In 1999, in the midst of the Internet boom, a small company in Hong Kong announced that it was going to do an IPO on Nasdaq. The company had a modest $3M Web design business, offices in 4-5 countries around Asia, and was touting itself as an up-and-coming Asian e-solutions powerhouse. Not many people paid attention – lots of companies were making the same noises at the time. But they certainly did pay attention when the company went public in June, and in a stunning debut, the stock soared from $20 to $67 in a single day. At its peak in 2000, the company’s stock rose (before splits) to an amazing $280 a share! That small company is now a global brand – called chinadotcom.

Of course, over the last 2 years, the dot-coms have now become dot bombs, and many of the leading players – temporarily known as SIPS – have disappeared. One of the few serious and long-term players left is chinadotcom, and its Web development and e-solutions subsidiary, Ion Global. The managing director of the local operation is Tatsuma Kouo, a very nice guy with an excellent team and strong client relationships. He’s certainly needed both over the last 12 months. But while others are packing their bags, Kouo’s team is winning major projects and executing the original business strategy.

There is no doubt that doing Web work is exciting. There is really something stimulating in knowing that your thoughts and ideas can reach and move millions of people using the Web. Yes, like all media work, there are the boring bits. But in my opinion, helping companies implement projects and actual e-commerce online lets you get a really in-depth look at different companies in different industries – so you’re always learning something. Furthermore, most Web projects these days are built for a specific purpose, so the customer gets an immediate payoff, making the whole experience a lot more satisfying for everyone involved.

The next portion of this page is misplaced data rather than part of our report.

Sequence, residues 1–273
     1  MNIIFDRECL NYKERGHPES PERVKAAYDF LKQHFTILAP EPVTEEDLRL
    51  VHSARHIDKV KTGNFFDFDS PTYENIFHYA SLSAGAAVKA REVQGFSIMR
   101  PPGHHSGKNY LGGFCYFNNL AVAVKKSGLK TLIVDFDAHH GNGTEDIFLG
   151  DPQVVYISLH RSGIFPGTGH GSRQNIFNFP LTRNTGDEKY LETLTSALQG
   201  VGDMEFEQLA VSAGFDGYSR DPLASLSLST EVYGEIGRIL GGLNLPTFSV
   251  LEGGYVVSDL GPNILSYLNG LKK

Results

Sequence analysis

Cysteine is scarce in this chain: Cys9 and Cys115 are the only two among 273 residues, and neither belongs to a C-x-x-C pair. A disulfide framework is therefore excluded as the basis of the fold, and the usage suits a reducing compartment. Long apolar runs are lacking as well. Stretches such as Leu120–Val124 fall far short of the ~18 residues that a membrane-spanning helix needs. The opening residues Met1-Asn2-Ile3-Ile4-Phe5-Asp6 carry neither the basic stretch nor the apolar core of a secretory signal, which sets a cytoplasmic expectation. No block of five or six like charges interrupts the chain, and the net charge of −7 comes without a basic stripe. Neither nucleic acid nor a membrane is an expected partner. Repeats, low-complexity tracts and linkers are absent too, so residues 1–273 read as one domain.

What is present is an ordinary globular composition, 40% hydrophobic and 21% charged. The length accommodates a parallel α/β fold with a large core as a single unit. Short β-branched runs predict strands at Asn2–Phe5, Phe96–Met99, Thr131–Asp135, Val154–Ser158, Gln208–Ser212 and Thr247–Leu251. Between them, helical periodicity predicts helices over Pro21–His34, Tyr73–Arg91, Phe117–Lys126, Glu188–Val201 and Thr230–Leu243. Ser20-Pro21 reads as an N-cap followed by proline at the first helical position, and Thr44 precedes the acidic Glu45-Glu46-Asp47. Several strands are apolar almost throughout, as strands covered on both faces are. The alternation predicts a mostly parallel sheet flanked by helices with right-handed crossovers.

The person I know best over at Ion Global is Senior Manager Simon Laight. Simon has been in the Web business since it began in Japan. He and I worked together for several years, and he knows about as much as anybody on how to deliver quality work online. Simon currently has several contract positions for Web project managers who know how to build Web platforms and sites, manage teams, manage clients and client expectations (always a big issue), and deliver high-quality work on time. The open positions are for experienced managers, marketers, developers or creatives who want to move more into the business side.

Simon has engaged to help him find these people, so if you’re a Web project manager, or have the ability to be one, AND you’re very bilingual, then contact me at for more information.